The poor man then tried to call 911 from a pay phone to report his missing kidneys, but a voice on the line first asked him to press #90, which unwittingly gave the bandit full access to the phone line at the guy's expense. Then reaching into the coin‑return slot he got jabbed with an HIV‑infected needle around which was wrapped a note that said,"Welcome to the world of AIDS."  Luckily he was only a few blocks from the hospital ‑ the one where that little boy who is dying of cancer is, the one whose last wish is for everyone in the world to send him an email and the American Cancer Society has agreed to pay him a nickel for every email he receives. I sent  him two emails, and one of them was a bunch of x's and o's in the shape of an angel (if you get it and forward it to more than 10 people, you will have good luck but for 10 people only you will only have OK luck and if you send  it to fewer than 10 people you will have BAD LUCK FOR SEVEN YEARS).

So anyway, the poor guy tried to drive himself to the hospital, but on the way he noticed another car driving without its lights on. To be  helpful,  he flashed his lights at him and was promptly shot as part of a gang initiation.  Send THIS to all the friends who send you their junk mail and you will  receive 4 green M&Ms ‑‑ if you don't, the owner of Proctor and Gamble  will report you to his Satanist friends and you will have more bad luck: you  will  get sick from the Sodium Laureth Sulfate in your shampoo, your spouse/mate  will develop a skin rash from using the antiperspirant which clogs the pores under your arms, and the U.S. government will put a tax on your  emails forever.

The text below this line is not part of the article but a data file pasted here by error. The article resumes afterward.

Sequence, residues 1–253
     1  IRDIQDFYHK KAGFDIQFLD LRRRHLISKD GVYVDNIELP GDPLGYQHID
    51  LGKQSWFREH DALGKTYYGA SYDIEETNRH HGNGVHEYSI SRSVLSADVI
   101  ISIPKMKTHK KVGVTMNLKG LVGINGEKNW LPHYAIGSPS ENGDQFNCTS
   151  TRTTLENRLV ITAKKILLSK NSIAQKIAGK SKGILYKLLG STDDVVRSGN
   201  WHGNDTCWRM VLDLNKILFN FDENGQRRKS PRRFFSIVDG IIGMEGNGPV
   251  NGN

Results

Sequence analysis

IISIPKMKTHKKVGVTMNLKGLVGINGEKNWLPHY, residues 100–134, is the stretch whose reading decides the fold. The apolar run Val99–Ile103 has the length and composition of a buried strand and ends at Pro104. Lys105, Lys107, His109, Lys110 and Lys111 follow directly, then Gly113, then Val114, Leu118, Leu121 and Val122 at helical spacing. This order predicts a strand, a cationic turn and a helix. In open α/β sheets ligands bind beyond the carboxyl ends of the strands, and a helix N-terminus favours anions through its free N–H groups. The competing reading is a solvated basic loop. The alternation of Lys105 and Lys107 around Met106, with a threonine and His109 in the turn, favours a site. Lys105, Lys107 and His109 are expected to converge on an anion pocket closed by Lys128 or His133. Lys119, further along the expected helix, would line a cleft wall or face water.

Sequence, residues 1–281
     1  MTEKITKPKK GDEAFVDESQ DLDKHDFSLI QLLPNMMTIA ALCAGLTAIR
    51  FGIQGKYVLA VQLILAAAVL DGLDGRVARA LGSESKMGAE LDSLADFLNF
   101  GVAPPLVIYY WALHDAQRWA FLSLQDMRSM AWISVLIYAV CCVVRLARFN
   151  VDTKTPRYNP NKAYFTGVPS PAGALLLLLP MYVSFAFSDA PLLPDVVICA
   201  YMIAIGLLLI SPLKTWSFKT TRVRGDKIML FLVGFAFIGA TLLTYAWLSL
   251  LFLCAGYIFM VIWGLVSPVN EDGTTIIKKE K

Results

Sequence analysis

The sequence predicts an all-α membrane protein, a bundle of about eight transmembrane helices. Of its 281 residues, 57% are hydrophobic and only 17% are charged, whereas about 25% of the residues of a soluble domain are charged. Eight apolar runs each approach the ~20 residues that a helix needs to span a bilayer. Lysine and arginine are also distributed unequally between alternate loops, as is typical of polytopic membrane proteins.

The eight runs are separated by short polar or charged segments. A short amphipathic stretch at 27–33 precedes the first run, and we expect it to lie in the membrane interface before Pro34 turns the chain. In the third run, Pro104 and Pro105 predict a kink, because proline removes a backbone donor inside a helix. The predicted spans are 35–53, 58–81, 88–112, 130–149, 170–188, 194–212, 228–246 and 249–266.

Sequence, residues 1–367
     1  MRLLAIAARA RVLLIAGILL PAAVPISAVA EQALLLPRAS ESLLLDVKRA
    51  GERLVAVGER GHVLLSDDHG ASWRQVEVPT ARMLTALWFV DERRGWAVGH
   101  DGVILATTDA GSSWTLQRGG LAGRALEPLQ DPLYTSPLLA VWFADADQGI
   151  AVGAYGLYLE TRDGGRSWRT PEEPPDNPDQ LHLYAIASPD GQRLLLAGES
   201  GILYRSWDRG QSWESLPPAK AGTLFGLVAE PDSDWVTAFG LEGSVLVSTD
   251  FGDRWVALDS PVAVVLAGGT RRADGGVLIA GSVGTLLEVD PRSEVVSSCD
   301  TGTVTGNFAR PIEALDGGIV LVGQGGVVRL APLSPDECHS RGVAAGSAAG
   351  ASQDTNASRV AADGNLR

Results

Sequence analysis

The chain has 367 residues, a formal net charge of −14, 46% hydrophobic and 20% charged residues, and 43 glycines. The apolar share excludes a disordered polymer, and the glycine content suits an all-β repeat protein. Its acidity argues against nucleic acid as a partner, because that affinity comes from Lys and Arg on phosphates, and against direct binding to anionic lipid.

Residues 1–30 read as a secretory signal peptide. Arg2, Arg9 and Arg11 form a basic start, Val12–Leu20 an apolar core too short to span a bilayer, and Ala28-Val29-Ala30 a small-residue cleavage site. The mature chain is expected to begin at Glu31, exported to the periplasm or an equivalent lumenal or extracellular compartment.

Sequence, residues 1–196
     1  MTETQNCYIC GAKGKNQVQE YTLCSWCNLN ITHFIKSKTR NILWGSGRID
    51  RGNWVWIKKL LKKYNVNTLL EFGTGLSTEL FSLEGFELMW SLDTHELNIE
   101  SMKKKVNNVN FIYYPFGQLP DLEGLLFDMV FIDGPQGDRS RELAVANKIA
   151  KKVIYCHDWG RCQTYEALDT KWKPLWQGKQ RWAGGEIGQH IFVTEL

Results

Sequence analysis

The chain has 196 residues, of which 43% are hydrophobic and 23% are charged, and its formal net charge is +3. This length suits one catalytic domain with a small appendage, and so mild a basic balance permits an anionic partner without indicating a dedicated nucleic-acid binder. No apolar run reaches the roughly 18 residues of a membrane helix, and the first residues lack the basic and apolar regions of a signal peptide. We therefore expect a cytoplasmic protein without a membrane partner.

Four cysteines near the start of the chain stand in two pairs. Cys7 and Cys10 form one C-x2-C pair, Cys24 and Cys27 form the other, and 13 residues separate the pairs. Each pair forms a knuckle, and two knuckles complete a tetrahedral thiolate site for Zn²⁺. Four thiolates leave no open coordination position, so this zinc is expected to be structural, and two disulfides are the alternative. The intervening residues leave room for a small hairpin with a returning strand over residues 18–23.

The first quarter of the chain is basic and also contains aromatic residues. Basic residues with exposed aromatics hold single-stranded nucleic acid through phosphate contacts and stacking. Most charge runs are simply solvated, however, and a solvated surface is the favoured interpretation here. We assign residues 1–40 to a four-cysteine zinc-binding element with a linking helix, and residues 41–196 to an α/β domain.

I know this is all true 'cuz I read it on the Internet!!!!!

Brent Albritton

Concerned Email




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Bess Lomax Hawes archive available at CSUN

A news story in the Los Angeles Times (27 February 2000) tells of the 1996 acquisition by California State University at Northridge (CSUN) of 24 boxes of student folklore collections made in courses taught by Bess Lomax Hawes in the 1960s and ‘70s.  The article (“Just Plain Folklore: Archive Preserves Studies of Local Tales” by Patricia Ward Biederman) highlights contemporary legends collected by the students.  The article is available in the archives of the LA Times at  [Thanks to Brian Chapman.]